Wildflowers at Santa Fe Dam

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THEY tower over the short San Gabriel River sage-scrub landscape like welcoming giants, almost beckoning people to come in and take a look.
Yucca whipplei. Foothill Yucca. The Lord’s Candle. Their columnar stalks shoot up on average 6 feet but can reach as high as 17 feet. Their creamy yellow flowers resembled candlelight to the eye of the Tongva, our region’s native habitants.

“They really light up the landscape,” said botanist Ann Croissant, who took me on a tour through the back trails of the Santa Fe Dam alluvial fan sage scrub.

It occurred to me last week to check out the yuccas while I was driving east on the 210 Freeway through Irwindale and saw the yucca stalk pop into view. I smile when I see the California poppies along the transition road from the 10 to the 57 freeways. I’ve gone chasing after wildflowers during my 25 years working for the San Gabriel Valley Newspapers. I spotted rare plants in the crevices of Clamshell Canyon and was the first to report the discovery of the endangered thread-leafed brodiaea up the Colby Trail in Glendora in the late 1980s. But I suspect for many, these “freeway flowers” are the only wildflowers they’ll see. And that’s a shame, since all it takes is parking the car and getting out into nature.

So today, I want to introduce you to the Santa Fe Dam backcountry, where one of the greatest arrays of wildflowers are on display.

“This is the purist area of the alluvial fan sage scrub in the county. We really need to protect it, yet still introduce people to it,” said Croissant, president of the San Gabriel Mountains Regional Conservancy (www.sgmrc.org), which helped rebuild the nature center in 2004 and restore the habitat.

There is much more than those skyscraping yuccas, which are still my favorites. Prickly pear cactus cluster the landscape, their yellow, red and purple flowers blooming from each porcupine leaf. Scarlet larkspurs wave 18 inches tall in the wind, their brilliant flowers resembling a hothouse orchid. There are 150 or more species of flowers here, from foothill penstemons and dainty purple nightshade to yellow sun cups and bushes of buckwheat and black sage.

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Along the bicycle and walking trails of Santa Fe Dam, these flowers are everywhere. Thursday morning’s 90-minute walk/ride with Croissant easily out-wowed my two-day experience at Anza-Borrego Desert State Park last month, proving you don’t have to drive hours to see nature if you live in the San Gabriel Valley. It’s right here off the freeway. But you’ve got to exit and take it by foot.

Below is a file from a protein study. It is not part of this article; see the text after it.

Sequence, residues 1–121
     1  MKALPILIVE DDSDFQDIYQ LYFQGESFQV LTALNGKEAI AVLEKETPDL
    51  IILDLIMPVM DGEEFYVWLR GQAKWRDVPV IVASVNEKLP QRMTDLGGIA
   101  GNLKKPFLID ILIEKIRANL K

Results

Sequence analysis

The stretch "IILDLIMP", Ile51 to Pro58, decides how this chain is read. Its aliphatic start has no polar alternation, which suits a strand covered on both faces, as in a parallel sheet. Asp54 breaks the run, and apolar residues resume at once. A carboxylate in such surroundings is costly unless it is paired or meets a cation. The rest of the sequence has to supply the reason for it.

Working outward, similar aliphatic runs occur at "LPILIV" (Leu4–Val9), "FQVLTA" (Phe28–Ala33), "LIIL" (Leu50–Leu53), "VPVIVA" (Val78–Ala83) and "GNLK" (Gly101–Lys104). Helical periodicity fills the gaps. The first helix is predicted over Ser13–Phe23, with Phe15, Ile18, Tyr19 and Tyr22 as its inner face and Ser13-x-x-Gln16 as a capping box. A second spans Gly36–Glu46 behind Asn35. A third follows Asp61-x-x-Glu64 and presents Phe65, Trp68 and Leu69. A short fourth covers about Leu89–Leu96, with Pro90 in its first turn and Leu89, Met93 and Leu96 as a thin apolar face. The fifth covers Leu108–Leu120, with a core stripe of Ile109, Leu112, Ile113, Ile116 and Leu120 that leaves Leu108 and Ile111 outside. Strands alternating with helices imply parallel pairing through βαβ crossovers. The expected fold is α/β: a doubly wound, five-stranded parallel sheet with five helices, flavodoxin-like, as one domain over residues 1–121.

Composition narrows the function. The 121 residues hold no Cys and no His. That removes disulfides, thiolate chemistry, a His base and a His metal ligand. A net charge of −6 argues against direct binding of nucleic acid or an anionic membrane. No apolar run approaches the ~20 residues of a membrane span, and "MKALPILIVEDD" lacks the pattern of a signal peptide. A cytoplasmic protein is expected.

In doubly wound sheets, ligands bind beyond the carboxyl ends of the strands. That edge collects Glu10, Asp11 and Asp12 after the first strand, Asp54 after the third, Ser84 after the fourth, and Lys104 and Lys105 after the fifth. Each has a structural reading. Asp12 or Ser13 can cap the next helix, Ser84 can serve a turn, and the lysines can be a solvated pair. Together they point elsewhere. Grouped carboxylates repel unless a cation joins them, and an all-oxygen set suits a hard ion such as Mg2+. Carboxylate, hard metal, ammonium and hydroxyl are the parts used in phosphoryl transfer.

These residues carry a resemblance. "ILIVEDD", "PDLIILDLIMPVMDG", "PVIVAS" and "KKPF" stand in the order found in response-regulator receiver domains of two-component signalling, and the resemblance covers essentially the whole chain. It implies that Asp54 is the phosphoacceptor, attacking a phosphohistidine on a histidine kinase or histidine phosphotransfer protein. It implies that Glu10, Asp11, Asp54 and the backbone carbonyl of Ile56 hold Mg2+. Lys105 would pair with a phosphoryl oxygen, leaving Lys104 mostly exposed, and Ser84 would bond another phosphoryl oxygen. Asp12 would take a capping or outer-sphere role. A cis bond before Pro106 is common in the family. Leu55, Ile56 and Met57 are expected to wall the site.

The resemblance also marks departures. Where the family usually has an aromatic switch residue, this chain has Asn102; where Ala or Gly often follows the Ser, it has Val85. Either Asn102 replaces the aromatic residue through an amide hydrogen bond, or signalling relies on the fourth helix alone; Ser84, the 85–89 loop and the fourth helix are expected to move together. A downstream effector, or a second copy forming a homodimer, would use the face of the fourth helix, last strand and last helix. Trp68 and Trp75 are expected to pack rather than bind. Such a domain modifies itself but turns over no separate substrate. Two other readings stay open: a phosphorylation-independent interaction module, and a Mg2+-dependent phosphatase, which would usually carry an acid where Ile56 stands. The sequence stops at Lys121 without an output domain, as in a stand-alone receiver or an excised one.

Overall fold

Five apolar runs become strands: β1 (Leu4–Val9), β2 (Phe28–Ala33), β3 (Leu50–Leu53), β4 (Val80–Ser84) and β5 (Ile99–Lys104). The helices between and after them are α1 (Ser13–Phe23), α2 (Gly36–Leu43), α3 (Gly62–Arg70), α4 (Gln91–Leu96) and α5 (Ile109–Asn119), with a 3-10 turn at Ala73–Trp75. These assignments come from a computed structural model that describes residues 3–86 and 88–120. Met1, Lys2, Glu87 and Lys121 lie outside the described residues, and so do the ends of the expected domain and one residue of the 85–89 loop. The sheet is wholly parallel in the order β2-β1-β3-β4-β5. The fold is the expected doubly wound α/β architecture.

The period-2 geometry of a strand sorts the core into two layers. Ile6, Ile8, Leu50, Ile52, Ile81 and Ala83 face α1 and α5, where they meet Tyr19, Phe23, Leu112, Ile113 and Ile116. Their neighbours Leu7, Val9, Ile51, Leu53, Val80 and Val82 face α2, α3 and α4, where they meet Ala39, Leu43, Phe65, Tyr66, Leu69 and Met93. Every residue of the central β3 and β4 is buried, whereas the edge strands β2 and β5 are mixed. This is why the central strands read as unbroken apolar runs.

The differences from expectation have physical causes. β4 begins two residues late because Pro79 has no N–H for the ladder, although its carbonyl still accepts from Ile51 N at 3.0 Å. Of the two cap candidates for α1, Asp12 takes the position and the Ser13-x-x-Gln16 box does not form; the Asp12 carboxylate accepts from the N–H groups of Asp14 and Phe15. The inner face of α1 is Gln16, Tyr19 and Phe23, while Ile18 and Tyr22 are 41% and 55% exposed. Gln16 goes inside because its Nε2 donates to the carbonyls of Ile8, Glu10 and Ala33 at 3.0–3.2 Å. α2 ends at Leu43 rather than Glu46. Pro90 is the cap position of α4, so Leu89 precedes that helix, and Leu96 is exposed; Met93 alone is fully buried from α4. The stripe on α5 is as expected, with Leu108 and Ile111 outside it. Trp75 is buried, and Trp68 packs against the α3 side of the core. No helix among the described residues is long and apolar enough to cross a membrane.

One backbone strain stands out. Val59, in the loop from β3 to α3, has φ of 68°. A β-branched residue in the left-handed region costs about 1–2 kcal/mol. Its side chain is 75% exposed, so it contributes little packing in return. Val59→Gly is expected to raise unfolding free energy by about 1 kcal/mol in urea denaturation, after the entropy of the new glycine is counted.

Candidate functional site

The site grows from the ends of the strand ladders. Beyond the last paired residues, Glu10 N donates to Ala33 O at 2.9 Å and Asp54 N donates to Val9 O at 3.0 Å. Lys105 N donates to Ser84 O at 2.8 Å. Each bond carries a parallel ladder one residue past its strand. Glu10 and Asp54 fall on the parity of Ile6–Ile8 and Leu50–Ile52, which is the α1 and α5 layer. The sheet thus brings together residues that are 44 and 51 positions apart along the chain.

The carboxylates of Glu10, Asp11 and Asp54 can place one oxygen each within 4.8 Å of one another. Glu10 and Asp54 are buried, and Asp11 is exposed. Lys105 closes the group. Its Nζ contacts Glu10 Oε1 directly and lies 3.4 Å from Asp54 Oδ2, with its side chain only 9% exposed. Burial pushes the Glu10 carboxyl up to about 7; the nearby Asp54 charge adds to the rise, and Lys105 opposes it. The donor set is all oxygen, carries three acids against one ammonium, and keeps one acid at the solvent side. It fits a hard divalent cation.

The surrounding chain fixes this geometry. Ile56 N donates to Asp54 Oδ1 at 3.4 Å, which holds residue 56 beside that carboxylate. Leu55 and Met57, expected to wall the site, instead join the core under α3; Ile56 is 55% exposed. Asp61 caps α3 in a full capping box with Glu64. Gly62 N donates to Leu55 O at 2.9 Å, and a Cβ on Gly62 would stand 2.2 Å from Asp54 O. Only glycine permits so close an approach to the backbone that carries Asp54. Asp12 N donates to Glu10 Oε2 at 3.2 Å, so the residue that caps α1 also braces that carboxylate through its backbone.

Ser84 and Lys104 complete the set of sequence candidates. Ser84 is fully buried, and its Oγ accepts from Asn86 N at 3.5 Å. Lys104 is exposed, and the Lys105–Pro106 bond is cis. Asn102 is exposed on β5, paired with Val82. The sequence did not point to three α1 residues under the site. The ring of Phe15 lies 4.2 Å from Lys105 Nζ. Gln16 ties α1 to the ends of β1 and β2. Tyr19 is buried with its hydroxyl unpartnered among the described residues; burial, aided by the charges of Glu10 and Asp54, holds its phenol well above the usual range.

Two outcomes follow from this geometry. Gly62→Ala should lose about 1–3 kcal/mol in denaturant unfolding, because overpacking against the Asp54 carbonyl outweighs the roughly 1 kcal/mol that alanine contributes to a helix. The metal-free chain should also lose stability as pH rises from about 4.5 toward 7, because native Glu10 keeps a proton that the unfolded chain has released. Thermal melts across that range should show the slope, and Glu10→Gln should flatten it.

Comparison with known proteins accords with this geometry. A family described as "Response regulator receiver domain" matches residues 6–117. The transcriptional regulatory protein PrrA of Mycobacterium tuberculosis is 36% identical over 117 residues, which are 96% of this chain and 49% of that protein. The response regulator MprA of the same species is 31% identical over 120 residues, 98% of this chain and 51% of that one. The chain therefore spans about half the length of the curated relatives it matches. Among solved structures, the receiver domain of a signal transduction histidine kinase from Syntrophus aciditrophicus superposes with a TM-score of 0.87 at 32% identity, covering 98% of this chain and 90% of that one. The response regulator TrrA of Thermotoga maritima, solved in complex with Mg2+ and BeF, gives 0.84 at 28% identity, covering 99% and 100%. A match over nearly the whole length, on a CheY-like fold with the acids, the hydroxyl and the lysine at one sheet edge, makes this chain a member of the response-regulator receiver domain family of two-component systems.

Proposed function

Croissant, a botanist who teaches at APU and Cal Poly Pomona, stopped to show me her favorite plant, the cobweb thistle. “It’s absolutely gorgeous — a natural thistle. This is the first year I’ve seen it multi-stemmed.”

The dudlea, which is sending up stalks of fluorescent yellow-red flower buds from a succulent leaf base, also is flourishing. “I’ve never seen them this high,” she said.
The rains of winter — not just heavy but spaced out throughout the season and into spring — are partly the cause of the wildflower bounty. But sometimes, the rains can have the opposite effect and limit a species’ appearance, she said.

“You need to taste these — these are called lemonade berries,” she interrupted. A lemony tang rang my taste buds as I touched a tiny red berry to my tongue.
It’s relaxing to stroll amid these ancient landscapes and discover new sights, sounds and tastes.

Another rich wildflower area is the Colby Trail in the Glendora foothills, where the once obscure brodiaea is in bloom. “You see purple everywhere,” she said.

Back at Santa Fe Dam, we came upon still more yuccas as we closed in on the two freeways. “They really thrive in poor conditions. Adversity is something they are attracted to. Maybe there is a message there,” she said.

The conservancy’s master plan includes more hiking trails behind the dam — some as dirt paths for mountain bikers and some improved trails for wheelchair access. “We need to make learning about nature entertainment,” she said.
After emerging from the bumpy ride, she turned to me and said: “I think we’ll name that trail after you: the Yucca Valley Trail.”

It’s freeway close but foot accessible. That’s the secret of the Santa Fe Dam backcountry.

This entry was posted in environment, land use, Pasadena by Steve Scauzillo. Bookmark the permalink.

About Steve Scauzillo

I love journalism. I've been working in journalism for 32 years. I love communicating and now, that includes writing about environment, transportation and the foothill/Puente Hills communities of Hacienda Heights, Rowland Heights, Walnut and Diamond Bar. I write a couple of columns, one on fridays in Opinion and the other, The Green Way, in the main news section. Send me ideas for stories. Or comments. I was opinion page editor for 12 years so I enjoy a good opinion now and then.

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